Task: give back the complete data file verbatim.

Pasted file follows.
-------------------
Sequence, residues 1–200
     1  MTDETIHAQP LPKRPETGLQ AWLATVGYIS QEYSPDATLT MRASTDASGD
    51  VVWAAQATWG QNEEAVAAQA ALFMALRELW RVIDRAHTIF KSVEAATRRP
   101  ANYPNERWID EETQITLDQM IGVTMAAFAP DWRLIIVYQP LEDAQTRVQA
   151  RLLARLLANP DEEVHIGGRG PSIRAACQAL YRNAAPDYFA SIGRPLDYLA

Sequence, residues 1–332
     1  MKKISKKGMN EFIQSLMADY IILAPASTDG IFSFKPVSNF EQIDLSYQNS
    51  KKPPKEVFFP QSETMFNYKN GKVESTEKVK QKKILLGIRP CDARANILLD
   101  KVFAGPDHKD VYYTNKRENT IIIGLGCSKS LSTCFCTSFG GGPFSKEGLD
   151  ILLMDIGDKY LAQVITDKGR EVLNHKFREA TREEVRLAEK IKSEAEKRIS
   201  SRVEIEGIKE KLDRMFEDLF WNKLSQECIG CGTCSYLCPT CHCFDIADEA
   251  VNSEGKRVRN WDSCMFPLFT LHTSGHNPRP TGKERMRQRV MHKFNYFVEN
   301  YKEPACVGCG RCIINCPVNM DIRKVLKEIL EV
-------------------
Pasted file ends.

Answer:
Sequence, residues 1–200
     1  MTDETIHAQP LPKRPETGLQ AWLATVGYIS QEYSPDATLT MRASTDASGD
    51  VVWAAQATWG QNEEAVAAQA ALFMALRELW RVIDRAHTIF KSVEAATRRP
   101  ANYPNERWID EETQITLDQM IGVTMAAFAP DWRLIIVYQP LEDAQTRVQA
   151  RLLARLLANP DEEVHIGGRG PSIRAACQAL YRNAAPDYFA SIGRPLDYLA

Sequence, residues 1–332
     1  MKKISKKGMN EFIQSLMADY IILAPASTDG IFSFKPVSNF EQIDLSYQNS
    51  KKPPKEVFFP QSETMFNYKN GKVESTEKVK QKKILLGIRP CDARANILLD
   101  KVFAGPDHKD VYYTNKRENT IIIGLGCSKS LSTCFCTSFG GGPFSKEGLD
   151  ILLMDIGDKY LAQVITDKGR EVLNHKFREA TREEVRLAEK IKSEAEKRIS
   201  SRVEIEGIKE KLDRMFEDLF WNKLSQECIG CGTCSYLCPT CHCFDIADEA
   251  VNSEGKRVRN WDSCMFPLFT LHTSGHNPRP TGKERMRQRV MHKFNYFVEN
   301  YKEPACVGCG RCIINCPVNM DIRKVLKEIL EV